Following a hardfought political primary season that saw major streets lined with hundreds of campaign signs, the Wichita City Council has decided to allow trained volunteers to remove unauthorized signs from city rights-of-way.
The council voted 6-1 to toughen its sign ordinance, authorizing fines starting at $50 and rising to as much as $1,000 per sign for repeat violations.
In addition to political signs, the rules would also apply to temporary garage-sale and real estate signs placed on public property or in the right-of-way between a city sidewalk and the street.
The city already bans temporary signs in the public right of way, but the Office of Central Inspection, tasked with enforcing the ban, complained that it is “inefficient, labor intensive, and achieves mixed results.”
“In an effort to address the negative impact of sign blight, OCI employees dedicate hours each week to removing signs illegally placed in the right of way,” according to an OCI staff report. “Despite OCI's best efforts, sign blight remains a problem throughout the city.”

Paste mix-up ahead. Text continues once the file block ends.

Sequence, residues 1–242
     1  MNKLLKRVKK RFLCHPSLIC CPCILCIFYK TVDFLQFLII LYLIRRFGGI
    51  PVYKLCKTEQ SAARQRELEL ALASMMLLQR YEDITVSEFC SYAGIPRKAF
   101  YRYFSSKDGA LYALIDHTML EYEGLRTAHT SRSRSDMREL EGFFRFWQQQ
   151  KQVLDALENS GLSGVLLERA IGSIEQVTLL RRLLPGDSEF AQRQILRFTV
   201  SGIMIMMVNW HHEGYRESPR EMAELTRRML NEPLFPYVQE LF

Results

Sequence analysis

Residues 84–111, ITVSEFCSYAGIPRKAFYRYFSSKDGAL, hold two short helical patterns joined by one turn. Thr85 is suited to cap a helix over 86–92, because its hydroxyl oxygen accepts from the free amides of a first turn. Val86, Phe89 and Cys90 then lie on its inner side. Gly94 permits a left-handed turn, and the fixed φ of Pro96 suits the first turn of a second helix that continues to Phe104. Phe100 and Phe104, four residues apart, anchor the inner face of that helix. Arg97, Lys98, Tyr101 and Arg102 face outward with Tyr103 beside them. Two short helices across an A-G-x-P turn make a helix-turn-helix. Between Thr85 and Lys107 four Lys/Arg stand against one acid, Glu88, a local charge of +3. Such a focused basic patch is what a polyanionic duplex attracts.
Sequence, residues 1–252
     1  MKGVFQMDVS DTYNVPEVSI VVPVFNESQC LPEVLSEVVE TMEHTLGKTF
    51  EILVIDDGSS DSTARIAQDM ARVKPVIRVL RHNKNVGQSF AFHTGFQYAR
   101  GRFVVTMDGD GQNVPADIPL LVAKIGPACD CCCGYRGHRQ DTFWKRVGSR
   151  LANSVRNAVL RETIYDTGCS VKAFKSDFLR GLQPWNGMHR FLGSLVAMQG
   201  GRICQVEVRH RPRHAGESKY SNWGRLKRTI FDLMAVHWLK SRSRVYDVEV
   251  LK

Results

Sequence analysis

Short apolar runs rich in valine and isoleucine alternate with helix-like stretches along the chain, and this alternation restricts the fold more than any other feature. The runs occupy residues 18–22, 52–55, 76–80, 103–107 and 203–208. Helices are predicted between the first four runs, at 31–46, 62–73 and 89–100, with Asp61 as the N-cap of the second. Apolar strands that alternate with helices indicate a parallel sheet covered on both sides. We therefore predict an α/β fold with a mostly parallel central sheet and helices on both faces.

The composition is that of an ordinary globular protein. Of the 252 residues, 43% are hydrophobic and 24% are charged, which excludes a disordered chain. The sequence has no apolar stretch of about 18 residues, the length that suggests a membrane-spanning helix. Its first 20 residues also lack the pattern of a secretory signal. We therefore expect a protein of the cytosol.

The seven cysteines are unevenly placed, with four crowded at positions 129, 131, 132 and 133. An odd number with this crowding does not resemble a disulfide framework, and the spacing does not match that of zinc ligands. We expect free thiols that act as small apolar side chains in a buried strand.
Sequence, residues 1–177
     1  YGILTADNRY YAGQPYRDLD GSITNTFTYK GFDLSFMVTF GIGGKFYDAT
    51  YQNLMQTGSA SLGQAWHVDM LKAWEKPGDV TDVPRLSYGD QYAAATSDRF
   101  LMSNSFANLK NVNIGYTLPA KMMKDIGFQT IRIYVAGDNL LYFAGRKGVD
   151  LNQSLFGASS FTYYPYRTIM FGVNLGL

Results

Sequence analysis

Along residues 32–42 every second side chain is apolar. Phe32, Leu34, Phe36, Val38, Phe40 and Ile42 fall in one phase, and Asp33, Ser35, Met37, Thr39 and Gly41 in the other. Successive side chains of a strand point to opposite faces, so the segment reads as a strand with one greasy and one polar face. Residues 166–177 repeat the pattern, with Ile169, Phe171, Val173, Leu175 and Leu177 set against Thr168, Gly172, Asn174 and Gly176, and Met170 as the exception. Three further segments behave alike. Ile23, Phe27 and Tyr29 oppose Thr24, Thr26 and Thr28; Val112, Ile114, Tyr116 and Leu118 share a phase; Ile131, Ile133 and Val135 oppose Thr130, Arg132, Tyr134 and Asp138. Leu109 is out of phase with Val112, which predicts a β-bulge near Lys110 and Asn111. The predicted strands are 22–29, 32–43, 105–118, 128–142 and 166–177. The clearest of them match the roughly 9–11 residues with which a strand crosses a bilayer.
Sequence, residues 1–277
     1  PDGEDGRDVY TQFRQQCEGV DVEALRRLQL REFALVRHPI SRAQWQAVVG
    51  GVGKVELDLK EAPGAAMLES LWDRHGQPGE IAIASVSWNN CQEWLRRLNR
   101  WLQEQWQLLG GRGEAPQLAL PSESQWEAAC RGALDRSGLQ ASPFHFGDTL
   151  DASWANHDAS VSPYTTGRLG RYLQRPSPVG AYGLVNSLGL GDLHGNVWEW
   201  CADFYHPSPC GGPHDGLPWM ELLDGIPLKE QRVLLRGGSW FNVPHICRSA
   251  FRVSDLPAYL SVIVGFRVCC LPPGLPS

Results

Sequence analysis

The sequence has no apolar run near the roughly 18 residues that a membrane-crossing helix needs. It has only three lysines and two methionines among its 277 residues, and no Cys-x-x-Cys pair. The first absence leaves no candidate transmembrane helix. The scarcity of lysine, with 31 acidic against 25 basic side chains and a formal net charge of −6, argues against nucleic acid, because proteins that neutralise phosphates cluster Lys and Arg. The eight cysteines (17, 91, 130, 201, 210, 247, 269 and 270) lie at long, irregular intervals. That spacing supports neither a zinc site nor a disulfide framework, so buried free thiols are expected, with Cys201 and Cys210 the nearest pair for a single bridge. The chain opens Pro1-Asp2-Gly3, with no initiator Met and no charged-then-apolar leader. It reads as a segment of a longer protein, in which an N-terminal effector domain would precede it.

To change that, the council authorized its department of Neighborhood Services and OCI to recruit and train volunteers to police signs.
The volunteers would be authorized to remove signs that violate the ordinance and either dispose of them or turn them over to city officials for possible prosecution.
Also, the changes to the sign code would remove a requirement that the city identify the person who actually placed a sign on city property before levying a fine.
Under the new code, a person or business named on a sign would be presumed to be responsible for its placement and liable to be fined.
The council passed the changes 6-1 with council member Michael O’Donnell in opposition.
Council member Janet Miller said the signs are a “rapidly multiplying nuisance.”
O’Donnell said he was concerned that in a negative campaign, someone could relocate signs from a legal site to get a competing candidate fined for unauthorized signs.
He said the new ordinance is “way too extreme, frankly.”
Members of the public who spoke at the meeting were divided on the new rules.
Several residents told the council that they think the signs are a blight on the city and should be removed.
“It’s ugly,” said James Roseborogh. “I would like this code enforced.”
Opponents said they think the new ordinance is too restrictive of free-speech rights and prevents people who can’t afford commercial advertising from getting out the message on their garage sales and lost pets.
“I look at commercial signs as clutter,” said Mike Wilson. “At least these signs can be removed and thrown in the trash.”